- Audible Audio Edition
- Listening Length: 9 hours and 34 minutes
- Program Type: Audiobook
- Version: Unabridged
- Publisher: Penguin Audio
- Audible.com Release Date: August 25, 2009
- Whispersync for Voice: Ready
- Language: English
- ASIN: B002MVI0YS
- Amazon Best Sellers Rank:
Enter your mobile number or email address below and we'll send you a link to download the free Kindle App. Then you can start reading Kindle books on your smartphone, tablet, or computer - no Kindle device required.
To get the free app, enter your mobile phone number.
Born Round Audiobook – Unabridged
|New from||Used from|
|Free with your Audible trial|
Customers who bought this item also bought
Would you like to tell us about a lower price?
Top customer reviews
There was a problem filtering reviews right now. Please try again later.
The best part of this book, both the most lovingly written and the funniest, is all the vivid description of Bruni's family; in particular the two women - mother and grandmother - who he loved so fiercely and whose obsessive cooking habits surely influenced his obsessive eating habits.
The hardest part of this book to read was the constant, sometimes dismaying, drumbeat of his lifelong eating disorder (which he never quite names as such). I appreciated his candor, and felt overwhelmed at moments with sympathy; but there were times when his self-destructive behavior just forced me to put the book down. It's so hard to read about such a nice guy messing up his life so badly over food.
But do read this book. It is full of heart and humor good writing. It made me like Bruni even more than his courageous newspaper writing already has. It also made me wish he'd gone for some therapy in college and maybe saved himself some pain in his life. But, all in all, he's not to be pitied, and this memoir of struggling with food has lessons for all of us.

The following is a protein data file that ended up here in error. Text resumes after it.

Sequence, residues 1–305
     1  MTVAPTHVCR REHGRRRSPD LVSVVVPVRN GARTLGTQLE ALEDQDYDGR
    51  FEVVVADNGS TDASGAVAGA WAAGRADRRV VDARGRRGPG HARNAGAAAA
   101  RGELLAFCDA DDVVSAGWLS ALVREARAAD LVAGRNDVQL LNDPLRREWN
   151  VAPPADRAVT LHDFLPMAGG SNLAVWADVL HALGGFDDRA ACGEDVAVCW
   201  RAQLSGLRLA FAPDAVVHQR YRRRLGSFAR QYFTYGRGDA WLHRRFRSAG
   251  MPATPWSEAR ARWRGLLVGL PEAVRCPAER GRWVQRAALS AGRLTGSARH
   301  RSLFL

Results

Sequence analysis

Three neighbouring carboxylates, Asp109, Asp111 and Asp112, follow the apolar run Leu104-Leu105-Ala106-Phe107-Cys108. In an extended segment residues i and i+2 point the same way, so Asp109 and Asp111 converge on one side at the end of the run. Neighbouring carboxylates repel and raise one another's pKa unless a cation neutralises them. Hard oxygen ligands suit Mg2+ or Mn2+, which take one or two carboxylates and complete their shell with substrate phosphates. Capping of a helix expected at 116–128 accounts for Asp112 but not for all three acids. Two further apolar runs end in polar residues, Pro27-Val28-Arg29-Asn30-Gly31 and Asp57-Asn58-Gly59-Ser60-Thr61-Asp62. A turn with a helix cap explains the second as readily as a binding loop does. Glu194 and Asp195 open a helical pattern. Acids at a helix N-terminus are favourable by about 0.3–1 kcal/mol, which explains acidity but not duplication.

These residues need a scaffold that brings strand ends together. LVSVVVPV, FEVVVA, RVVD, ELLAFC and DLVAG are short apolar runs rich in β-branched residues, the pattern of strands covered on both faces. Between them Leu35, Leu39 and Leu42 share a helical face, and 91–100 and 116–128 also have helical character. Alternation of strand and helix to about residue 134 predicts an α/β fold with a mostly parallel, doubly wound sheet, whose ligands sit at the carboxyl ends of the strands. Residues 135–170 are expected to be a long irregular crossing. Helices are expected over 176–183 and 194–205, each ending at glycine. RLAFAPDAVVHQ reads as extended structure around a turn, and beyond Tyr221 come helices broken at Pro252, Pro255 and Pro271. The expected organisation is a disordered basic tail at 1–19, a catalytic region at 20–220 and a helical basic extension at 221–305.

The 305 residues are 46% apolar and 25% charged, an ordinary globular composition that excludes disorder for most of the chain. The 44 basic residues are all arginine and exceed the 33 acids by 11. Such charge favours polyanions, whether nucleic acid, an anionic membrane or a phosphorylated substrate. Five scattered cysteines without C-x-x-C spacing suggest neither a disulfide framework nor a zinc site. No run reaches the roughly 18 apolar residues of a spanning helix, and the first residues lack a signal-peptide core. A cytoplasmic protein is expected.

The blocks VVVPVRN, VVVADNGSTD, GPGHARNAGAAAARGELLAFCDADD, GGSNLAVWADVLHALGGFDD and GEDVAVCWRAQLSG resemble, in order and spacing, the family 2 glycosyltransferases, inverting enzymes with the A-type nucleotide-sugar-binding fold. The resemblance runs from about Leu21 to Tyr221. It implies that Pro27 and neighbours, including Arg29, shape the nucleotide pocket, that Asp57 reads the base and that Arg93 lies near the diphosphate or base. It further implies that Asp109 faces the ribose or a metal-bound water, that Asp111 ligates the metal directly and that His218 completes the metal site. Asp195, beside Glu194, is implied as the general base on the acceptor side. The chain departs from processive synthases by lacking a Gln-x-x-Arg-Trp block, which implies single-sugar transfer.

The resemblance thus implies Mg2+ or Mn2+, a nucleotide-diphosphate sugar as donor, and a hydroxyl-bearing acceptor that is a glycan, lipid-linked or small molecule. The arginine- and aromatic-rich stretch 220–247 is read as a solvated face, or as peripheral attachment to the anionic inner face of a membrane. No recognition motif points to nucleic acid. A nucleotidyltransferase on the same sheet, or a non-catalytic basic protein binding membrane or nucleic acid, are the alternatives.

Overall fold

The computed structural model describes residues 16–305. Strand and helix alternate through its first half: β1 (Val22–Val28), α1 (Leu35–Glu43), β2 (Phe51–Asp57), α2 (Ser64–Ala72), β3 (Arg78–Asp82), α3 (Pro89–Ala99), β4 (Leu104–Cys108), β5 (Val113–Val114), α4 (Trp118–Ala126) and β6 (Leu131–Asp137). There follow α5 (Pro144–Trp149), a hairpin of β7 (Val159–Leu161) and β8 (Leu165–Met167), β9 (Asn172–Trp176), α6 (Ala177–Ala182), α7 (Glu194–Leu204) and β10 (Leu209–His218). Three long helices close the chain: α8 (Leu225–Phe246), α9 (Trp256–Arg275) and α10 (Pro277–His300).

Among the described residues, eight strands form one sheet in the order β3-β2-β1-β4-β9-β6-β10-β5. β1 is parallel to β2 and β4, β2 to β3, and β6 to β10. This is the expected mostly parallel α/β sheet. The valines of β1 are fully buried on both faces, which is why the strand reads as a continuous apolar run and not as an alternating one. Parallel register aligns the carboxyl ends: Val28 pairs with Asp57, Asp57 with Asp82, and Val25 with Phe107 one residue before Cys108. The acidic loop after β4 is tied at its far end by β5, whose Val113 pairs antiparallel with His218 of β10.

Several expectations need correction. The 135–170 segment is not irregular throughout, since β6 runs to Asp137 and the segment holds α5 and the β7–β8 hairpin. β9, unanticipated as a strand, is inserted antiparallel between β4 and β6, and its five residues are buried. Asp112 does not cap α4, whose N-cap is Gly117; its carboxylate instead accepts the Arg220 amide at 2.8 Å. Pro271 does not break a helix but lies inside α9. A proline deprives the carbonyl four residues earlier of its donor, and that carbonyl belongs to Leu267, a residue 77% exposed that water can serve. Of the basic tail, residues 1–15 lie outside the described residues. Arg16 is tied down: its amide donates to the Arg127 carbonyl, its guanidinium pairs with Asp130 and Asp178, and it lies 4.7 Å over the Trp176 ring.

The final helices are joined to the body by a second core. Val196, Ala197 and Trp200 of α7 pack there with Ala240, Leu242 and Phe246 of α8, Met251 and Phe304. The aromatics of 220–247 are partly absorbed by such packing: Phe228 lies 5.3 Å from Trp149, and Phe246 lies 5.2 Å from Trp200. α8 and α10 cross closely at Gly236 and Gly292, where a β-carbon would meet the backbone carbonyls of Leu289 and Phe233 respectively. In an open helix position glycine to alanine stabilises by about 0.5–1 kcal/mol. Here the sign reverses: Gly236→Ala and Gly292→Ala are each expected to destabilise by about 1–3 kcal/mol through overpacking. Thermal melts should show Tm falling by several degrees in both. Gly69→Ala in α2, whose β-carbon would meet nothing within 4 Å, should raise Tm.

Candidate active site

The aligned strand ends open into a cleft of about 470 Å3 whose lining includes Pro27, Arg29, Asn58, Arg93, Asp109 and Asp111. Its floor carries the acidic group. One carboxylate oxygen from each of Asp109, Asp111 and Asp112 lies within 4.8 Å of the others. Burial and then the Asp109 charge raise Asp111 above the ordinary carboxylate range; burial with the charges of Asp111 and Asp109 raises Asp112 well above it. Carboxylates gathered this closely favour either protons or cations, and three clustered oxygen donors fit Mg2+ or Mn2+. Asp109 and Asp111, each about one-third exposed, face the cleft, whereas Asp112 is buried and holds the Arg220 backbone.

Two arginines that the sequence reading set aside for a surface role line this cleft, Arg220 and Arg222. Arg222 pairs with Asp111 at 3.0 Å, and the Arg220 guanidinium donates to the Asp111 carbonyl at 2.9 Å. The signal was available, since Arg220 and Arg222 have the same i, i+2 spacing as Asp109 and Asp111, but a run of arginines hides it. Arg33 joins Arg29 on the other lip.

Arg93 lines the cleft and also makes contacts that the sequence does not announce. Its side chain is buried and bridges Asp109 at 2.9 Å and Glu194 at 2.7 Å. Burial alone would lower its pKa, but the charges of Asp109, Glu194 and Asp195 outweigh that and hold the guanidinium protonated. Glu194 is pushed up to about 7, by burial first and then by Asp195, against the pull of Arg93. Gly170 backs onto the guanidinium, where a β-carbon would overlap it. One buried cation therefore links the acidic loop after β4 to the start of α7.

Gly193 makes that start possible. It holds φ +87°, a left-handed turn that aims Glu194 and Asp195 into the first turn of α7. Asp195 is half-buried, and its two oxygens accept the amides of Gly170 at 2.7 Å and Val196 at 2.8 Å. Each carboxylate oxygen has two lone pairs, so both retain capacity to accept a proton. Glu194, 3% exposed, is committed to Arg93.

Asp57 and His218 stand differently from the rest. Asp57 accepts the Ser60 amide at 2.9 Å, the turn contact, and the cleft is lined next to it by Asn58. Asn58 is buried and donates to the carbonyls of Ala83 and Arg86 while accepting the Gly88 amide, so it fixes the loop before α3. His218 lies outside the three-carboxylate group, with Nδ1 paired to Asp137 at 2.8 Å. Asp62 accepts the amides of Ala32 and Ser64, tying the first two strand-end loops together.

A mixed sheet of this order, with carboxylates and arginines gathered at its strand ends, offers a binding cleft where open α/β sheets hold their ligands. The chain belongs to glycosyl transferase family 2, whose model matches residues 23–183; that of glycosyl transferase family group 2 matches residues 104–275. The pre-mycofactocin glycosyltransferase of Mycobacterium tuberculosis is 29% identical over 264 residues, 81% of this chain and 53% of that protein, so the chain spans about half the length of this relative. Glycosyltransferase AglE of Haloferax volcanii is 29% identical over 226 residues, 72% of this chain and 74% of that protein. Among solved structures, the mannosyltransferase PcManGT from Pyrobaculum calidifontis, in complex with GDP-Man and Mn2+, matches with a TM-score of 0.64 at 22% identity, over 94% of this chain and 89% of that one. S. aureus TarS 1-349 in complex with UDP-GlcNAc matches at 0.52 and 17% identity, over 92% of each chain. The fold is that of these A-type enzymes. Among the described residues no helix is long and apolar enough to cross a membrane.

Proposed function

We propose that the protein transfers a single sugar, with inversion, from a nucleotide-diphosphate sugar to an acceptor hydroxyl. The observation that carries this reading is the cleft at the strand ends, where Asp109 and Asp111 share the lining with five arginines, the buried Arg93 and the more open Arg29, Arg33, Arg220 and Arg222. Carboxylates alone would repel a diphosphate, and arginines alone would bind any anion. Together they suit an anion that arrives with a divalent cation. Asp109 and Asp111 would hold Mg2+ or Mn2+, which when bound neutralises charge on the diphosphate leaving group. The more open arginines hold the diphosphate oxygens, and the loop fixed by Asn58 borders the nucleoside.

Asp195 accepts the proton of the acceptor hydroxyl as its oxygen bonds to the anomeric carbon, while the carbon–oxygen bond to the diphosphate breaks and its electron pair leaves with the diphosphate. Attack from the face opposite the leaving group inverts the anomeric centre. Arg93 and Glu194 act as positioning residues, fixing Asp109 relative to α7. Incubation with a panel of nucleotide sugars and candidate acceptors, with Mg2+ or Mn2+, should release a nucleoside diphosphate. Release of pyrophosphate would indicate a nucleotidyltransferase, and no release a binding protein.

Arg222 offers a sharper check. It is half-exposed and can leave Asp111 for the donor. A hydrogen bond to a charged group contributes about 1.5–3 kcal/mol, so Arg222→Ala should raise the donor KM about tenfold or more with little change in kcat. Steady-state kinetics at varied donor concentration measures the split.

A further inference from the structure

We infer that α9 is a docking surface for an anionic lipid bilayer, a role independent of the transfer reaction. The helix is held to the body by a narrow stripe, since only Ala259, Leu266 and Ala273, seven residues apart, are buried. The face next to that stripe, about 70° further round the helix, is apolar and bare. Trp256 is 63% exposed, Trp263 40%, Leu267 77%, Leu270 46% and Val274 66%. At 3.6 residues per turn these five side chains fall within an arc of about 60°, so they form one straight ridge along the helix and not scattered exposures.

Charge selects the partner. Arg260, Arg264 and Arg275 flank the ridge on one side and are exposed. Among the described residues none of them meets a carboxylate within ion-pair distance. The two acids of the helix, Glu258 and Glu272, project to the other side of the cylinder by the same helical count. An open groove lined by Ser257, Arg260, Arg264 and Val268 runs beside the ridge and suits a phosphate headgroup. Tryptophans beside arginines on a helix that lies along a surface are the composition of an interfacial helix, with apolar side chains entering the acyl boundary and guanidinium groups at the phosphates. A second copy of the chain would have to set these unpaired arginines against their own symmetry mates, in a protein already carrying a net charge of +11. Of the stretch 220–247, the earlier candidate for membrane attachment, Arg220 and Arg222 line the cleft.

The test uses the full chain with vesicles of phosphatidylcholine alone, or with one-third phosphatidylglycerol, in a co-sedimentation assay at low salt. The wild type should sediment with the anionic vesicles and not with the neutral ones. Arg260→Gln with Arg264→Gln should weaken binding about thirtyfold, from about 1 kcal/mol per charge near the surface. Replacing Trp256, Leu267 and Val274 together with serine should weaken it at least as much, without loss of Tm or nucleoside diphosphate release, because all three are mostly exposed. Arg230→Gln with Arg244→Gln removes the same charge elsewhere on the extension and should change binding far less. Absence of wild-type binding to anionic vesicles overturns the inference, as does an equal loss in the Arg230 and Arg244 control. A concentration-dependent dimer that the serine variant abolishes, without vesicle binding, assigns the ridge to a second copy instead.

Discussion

So take what I have to say with the proverbial grain of salt. I saw a lot of myself in this book, and that gave me extra reading pleasure. Bruni writes about food and his love for it so well that I could conjure in my mind taste of everything from his grandmother's sauce-filled fried dough balls to the disgusting packaged chicken he devoured in the car and whose bones he left under the dashboard. I know whereof he speaks, and when the author writes about food, I felt like I was there sensing it.
On the other hand, if there were a note of falsity or failure to explain, I picked up on it, and did a few times. Bruni has a lot to tackle in this book, which covers multiple decades, and he moves deftly from the epiphany where he realizes he has lost control of his overeating, and explains how he got out of it. What we miss, however, is how he tackled the minor addictions along the way: to wit, bulimia and the use of speed and laxatives. How he put an end to the latter two are never explained, and the discussion of bulimia ends abruptly with an impromptu, one page "intervention" with a couple of friends in the college eatery. What happened then? On the other hand, he handled the death of his mother with aplomb, dropping small details of her illness throughout the chapters, and her death is conveyed with not a touch of sentimentality, but love and humor.
The last chapter where he sums up his thoughts is a little airy, but he ends his story on precisely the right note. I put down the book liking the writer and his writing enormously. I guess that is what any memoirist sets out to do, and Bruni has done it.